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Jagdterrier

The Jagdterrier, interestingly pronounced as “Yack Terrier,” can amuse anyone with its exceptional hunting skills. It has the reputation of pulling wild boars and rabbits out of their dens, and blood tracking a wounded game, living up to the German meaning of its name “hunt terrier.” This black-and-tan dog poses a cute look with its deep, expressive oval eyes, and sharp, erect ears. It would fit the bill if you are on the lookout for a small companion for your apartment and a friendly pet for your kid, bubbling with energy, high on watching and guarding skills.

Breed Characteristics

  • Other Names:
    German hunting terrier, German hunt terrier, German Jagdterrier,  Deutsche Jagdterrier 
  • Colors:Black and tan, black and gray, brown
  • Life Expectancy:10 – 12 years
  • Height:13 – 16 inches (at the shoulder)
  • Weight:Male: 20 – 22 pounds
    Female: 17 – 19 pounds
  • Temperament:Courageous, friendly, reliable
  • Good with Kids:Yes
  • Exercise requirements:
    High
  • Hypoallergenic:No
  • Litter Size:3 – 6 puppies
  • Barking Capacity:Excessive (to entertain, seek attention or protest)
  • Health Problems:
    Primary lens luxation, hip dysplasia, hypothyroidism
  • Trainability:Moderate
  • Origin:
    Germany

Jagdterrier’s History: Timeline

    1920

    Hunters Walter Zangenberg, Carl-Erich Grünewald, and Rudolf Frieß separated from the Fox Terrier Club to develop a new hunting breed

    1921 -1925

    Four black-and-tan dogs with the Fox Terrier’s lineage became the Jagdterrier’s foundation stock. The Welsh Terrier and Old English Wirehaired Terrier were included in the intensive breeding process

    1926

    The German Hunting Terrier Club formed

    1938-1954

    Enthusiasts like Max Theil and Armin Schwarz Sr. brought some Jagdterriers to the US.

    1956

    The Jagdterrier Club of America formed to acquire AKC’s recognition for the breed

    1993

    Recognized by the UKC

    2014

    Included in the AKC’s Foundation Stock Service (FSS)

Jagdterrier Puppies
Deutsche Jagdterrier

Care

Your active Jagdterrier needs many short walks, teamed with ample playtime in a fenced backyard to help burn out its energy better. If you live in an apartment, find unique games to keep it busy like rolling-a-ball, crossing an obstacle, hide and seek, and so on. Making it walk many times in the hallway would suffice if going out becomes difficult during harsh weather conditions. Another way to ensure physical fitness is by training for agility, rally, obedience, barn hunts, and other dog sports.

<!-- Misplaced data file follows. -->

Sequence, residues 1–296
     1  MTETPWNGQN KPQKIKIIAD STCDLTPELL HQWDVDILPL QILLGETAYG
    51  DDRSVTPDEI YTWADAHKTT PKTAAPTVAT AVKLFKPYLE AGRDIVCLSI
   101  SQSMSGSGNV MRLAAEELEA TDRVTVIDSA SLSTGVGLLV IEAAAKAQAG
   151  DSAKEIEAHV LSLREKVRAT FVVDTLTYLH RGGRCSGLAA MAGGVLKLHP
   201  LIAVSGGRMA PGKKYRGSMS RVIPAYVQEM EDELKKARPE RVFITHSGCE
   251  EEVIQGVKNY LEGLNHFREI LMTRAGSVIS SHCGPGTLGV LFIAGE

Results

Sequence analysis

he Jagdterrier has a plain and dense coat that could be hard to rough or coarse to smooth.Fortunately, you do not have to work too hard to groom it.Brush it weekly or bi-weekly during the shedding season, when you could find a lot of hair scattered here and there. To make it appear spick and span bathe it monthly or on occasions when it has gotten really dirty. Else, a rub down using a damp washcloth would be fine. Trimming its nails, brushing its teeth, and cleaning its ears are the other routine hygiene measures to follow.

Give a protein and fat-filled diet to your Jagdterrier to help maintain its high energy levels. If you are going for store-bought food, then Merrick Grain Free, and Purina Pro Plan are among the better options.

The Jagdterrier is active, intelligent, and loyal, responding well to short, innovative sessions, rather than monotonous and lengthy ones. Their hunting lineage makes them good chasers, so teach the puppies to wear a leash and follow the basic commands like “Stay” or “Stop.” If not socialized, they will show aggression with other dogs because of their high prey drive. They are even a mismatch for households with cats and smaller pets like rabbits.

German Jagdterrier
German Hunting Terrier

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